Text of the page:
Practice Relating to the Prohibition of Certain Types of Landmines
In 1995, during the debate in the First Committee of the UN General Assembly on Resolution 50/70, which encouraged “further immediate international efforts to seek solutions to the problems caused by anti-personnel landmines, with a view to the eventual elimination of anti-personnel landmines”, Turkey stated that it understood the definition of “eventual elimination” in that paragraph as “a political goal that we must strive to attain in the future”. Turkey further noted that it had joined the consensus on the basis of its understanding of the paragraph on eventual elimination but that it would have abstained had the paragraph been put to a separate vote.
At the First Meeting of the States Parties to the Ottawa Convention in 1999, the Turkish representative, attending the meeting as an observer, declared: “The security situation around Turkey so far precludes my country from signing the Ottawa Convention.” However, the delegate announced the government’s intention “to sign the Ottawa Convention at the beginning of the next decade if present conditions do not change adversely”.
In 2001, during a debate in the First Committee of the UN General Assembly, Turkey stated:
Turkey is fully conscious of the casualties and the ensuing human suffering caused by the irresponsible and indiscriminate use of mines. We attach importance to the mine-ban Treaty and consider it to be one of the major achievements of the international community towards the total elimination of anti-personnel mines. However, the security situation around Turkey is distinctly different from that faced by the proponents of the Ottawa process. This has prevented us from signing the Treaty. However, our commitment to the Treaty’s goals was manifested by our participation in the First, Second and Third Meetings of the States Parties … Furthermore, Turkey has initiated a number of contacts with some neighbouring countries with a view to seeking the establishment of special regimes in order to keep our common borders free of anti-personnel mines … I would like to stress once more my Government’s determination to become a party to the Ottawa Convention.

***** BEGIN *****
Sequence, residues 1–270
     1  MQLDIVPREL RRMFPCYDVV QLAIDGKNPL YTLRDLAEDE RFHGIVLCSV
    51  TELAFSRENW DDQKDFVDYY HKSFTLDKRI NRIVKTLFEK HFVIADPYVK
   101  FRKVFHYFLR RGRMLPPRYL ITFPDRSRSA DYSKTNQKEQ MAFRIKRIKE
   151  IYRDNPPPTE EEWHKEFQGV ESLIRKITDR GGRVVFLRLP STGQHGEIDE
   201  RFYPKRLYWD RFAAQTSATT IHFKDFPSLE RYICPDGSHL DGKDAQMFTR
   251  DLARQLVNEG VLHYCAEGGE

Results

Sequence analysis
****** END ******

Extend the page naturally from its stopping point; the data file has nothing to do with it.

In 2001, Greece and Turkey made a joint statement in which they declared:
… They also recognize that a total ban on these [anti-personnel] mines is an important confidence building measure that would contribute to security and stability in the region.
With these considerations in mind, the Minister of Foreign Affairs of the Republic of Turkey … and the Minister of Foreign Affairs of the Hellenic Republic … have emphasized the desirability of the adherence of all states to the Convention on Prohibition of the Use, Stockpiling, Production and Transfer of Anti-Personnel Mines and on Their Destruction, namely the Ottawa Convention. In this context, they have decided to concurrently start the procedures that will make both sides parties to the Ottawa Convention. For this purpose, while Greece initiates ratification process, Turkey will start accession procedures. It is also agreed that the instruments of ratification by Greece and accession by Turkey will be simultaneously deposited with the Secretary General of the United Nations in due course.
In a press release issued in March 2002, the Turkish Minister of Foreign Affairs declared:
Turkey has come to the stage of submitting the Convention to the Turkish Grand National Assembly for finalization of the accession procedures. In the meantime, the duration of Turkey’s national moratorium on the export and transfer of anti-personnel land mines expired in January 2002. Turkey has decided to extend once again her moratorium on the export and transfer of anti-personnel land mines, this time indefinitely, as an expression of her sincere commitment to becoming party to the Ottawa Convention.